Topical administration of low-dose tenofovir disoproxil fumarate to protect infant macaques against multiple oral exposures of low doses of simian immunodeficiency virus

Koen K.A. Van Rompay, Kimberli A. Schmidt, Jonathan R. Lawson, Raman Singh, Norbert Bischofberger, Marta Marthas

Research output: Contribution to journalArticle

36 Scopus citations

Abstract

Simian immunodeficiency virus (SIV) infection of infant macaques is a useful animal model to determine whether topical (oral) administration of antiviral compounds to the nursing infant could reduce human immunodeficiency virus transmission through breast-feeding. The reverse-transcriptase inhibitor tenofovir was selected because of previous demonstrations that systemic drug levels are effective in preventing SIV infection. To mimic the multiple exposures to virus during breast-feeding, 14 infant macaques were fed 15 low doses of SIVmac251 without chemical restraint. Six animals were treated with placebo, and 2 groups of 4 animals received oral topical doses of tenofovir disoproxil fumarate (DF; equivalent to 0.037 mg of tenofovir/day). About half the animals of each group became infected. In a subsequent study, 2 oral inoculations of 4 juvenile macaques with a mixture of tenofovir DF and SIVmac251 induced persistent infection. Topical administration of low doses of tenofovir DF did not protect against oral SIV infection.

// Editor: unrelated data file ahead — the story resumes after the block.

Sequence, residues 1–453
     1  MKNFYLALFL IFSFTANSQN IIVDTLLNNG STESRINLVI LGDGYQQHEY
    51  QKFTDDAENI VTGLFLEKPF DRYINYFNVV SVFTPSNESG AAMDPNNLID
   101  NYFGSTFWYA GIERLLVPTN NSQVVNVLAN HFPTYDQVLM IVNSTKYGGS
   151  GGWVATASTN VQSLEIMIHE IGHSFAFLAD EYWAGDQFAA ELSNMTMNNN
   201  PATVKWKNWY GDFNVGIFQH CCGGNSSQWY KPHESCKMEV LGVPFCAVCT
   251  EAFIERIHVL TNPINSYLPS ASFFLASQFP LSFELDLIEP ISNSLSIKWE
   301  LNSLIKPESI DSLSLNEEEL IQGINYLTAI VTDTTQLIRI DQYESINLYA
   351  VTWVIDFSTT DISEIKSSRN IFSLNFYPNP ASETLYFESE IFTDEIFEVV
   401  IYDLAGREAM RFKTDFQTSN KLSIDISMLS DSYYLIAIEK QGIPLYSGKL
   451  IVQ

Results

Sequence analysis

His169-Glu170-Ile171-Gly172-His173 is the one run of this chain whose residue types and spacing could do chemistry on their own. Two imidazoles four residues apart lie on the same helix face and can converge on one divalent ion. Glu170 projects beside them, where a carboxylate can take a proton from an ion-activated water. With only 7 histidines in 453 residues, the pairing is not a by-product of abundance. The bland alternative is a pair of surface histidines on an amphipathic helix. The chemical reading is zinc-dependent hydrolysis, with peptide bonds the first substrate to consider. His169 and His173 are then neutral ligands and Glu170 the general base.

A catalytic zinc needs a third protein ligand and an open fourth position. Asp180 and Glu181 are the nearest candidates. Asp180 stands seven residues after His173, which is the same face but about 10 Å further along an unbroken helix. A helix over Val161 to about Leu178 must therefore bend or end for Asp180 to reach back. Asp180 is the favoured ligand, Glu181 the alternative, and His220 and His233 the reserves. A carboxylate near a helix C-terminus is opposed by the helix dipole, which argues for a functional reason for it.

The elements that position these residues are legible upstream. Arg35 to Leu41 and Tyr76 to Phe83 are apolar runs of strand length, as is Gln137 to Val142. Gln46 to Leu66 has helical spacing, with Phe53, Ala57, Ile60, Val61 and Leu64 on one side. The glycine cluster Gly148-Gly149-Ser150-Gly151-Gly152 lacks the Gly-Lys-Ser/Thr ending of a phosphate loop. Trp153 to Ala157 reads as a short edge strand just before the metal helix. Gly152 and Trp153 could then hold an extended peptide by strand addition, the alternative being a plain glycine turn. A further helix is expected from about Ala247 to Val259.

Original languageEnglish (US)
Pages (from-to)1508-1513
Number of pages6
JournalJournal of Infectious Diseases
Volume186
Issue number10
DOIs
StatePublished - Nov 15 2002

ASJC Scopus subject areas

  • Immunology and Allergy
  • Infectious Diseases

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